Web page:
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From: British archaeology discussion list <[log in to unmask]> on behalf of PETTS D.A. <[log in to unmask]>
Sent: 15 October 2015 19:56

>Any body can have put forward a controversial idea, it really is remarkably easy:

>1.)people of the Iron Age were remarkably long-lived because we hardly find any graves so they clearly did not die; 

Ah, the old 'absence of evidence' ploy, eh?

>2.)Kostas does not exist, he is a Turing test; 

Well according to some branches of metaphysics (and certain episodes of Dr. Who) none of us does... Incidentally, answer me this: If Dr. Who really had the ability to travel through time, then what's to stop Matt Smith from going back in time to before he first regenerated, so he could remain as William Hartnell? The BBC never thought of that one, did they. Plus, isn't it about time he regenerated into a woman...

>3.)the Anglo-Saxons reached Britain in biodegradable plastic boats; 

That may indeed explain many things. Though I'm not sure technology had advanced to such a level in the late 5th/6th c. Their plastic boats would probably still be visible on our eastern shores alongside multifarious disposable shopping bags. Incidentally, of course, your former mentor, Heinrich Harke, did once make the point that those many thousands of A-S long ships must now be lying at the bottom of the North Sea (in order to explain the theory that, when they abandoned their homelands on the North Sea littoral, they didn't end up arriving in Britain to found Anglo-Saxon England). Which might be an alternative explanation for their disappearance. And on the same question, on another list, I did once see someone advance the serious claim that there can't have been an A-S migration to our eastern shores, as their long ships are no longer visible on the beaches! To which, I replied that he must also be contesting the veracity of the Norman landing in Pevensey Bay in 1066, since he won't find William's fleet still beached there, either...

>4.)Avebury was jam factory; 

Yummy! What flavour? (Rose, I hope :-)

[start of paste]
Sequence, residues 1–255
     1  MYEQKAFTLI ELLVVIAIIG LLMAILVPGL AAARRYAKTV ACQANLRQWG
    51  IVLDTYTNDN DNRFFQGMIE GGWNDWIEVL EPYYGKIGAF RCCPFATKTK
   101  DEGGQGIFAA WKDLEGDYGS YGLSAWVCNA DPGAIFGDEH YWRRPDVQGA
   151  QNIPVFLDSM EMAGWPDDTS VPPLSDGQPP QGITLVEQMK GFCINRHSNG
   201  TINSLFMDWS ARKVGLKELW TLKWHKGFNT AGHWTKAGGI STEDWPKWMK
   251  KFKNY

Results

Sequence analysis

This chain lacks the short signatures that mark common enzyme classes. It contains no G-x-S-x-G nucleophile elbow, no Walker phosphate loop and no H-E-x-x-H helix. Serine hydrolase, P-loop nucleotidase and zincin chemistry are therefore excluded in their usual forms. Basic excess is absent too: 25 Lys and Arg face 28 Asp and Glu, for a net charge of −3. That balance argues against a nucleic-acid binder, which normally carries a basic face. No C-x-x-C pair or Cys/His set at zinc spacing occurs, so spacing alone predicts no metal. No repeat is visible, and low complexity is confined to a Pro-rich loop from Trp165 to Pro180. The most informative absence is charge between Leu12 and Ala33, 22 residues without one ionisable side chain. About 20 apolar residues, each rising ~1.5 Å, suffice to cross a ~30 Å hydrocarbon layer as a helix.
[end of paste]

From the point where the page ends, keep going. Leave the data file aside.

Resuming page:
>5.)the people of Swindon evolved from some kind of primitive badger; 

Well if you ask me, that's yet more compelling evidence for calling-off this appalling badger-cull, since they are clearly a related species... 

>6.)Barry Cunliffe and Jeremy Corbyn are the same person, you never see them in the same room together; 

And if you did, it could easily be accomplished by 'split-screen' technology (look at what they did with Francis Pryor... :-)

>7.)there was an unrecognised Bakelite age between the Bronze Age and the Iron Age; 

Come now, that's going too far...

>- see it's really, really, REALLY easy!). There is nothing remotely clever or remarkable or iconoclastic about having a wild hypothesis. The key element >of archaeology (or indeed remotely any other academic endeavor) is to actually put some effort into developing some kind of methodology that might >proof or disprove an idea and then carrying out this research. 

Well certainly, that's how it ought to work. But then again, I've seen (and discussed on Britarch) peer-reviewed articles in respectable publications dealing with both ends of Roman-Britain where the evidence & methodology presented within the articles don't actually support the authors' conclusions about dating/ethnicity etc. So it's also important for the public constantly to question what's presented to them by academia. But I do agree that it's equally important to provide evidence of one's own when questioning certain assumptions.


>Kostas, if you are really sceptical of the quarry hypothesis, if it really exerts profound cognitive dissonance, then why can't you be bothered to make >an effort and do some research yourself? Britarch subscribers are not your data bitches- I think I can speak on the behalf of a lot of people on this list >when I suggest you treat the list with a little respect and stop seeing them as research gimps when you patently can't be bothered to do it yourself.

I'm still trying to find out what one of those is :-)

Mike (not PP)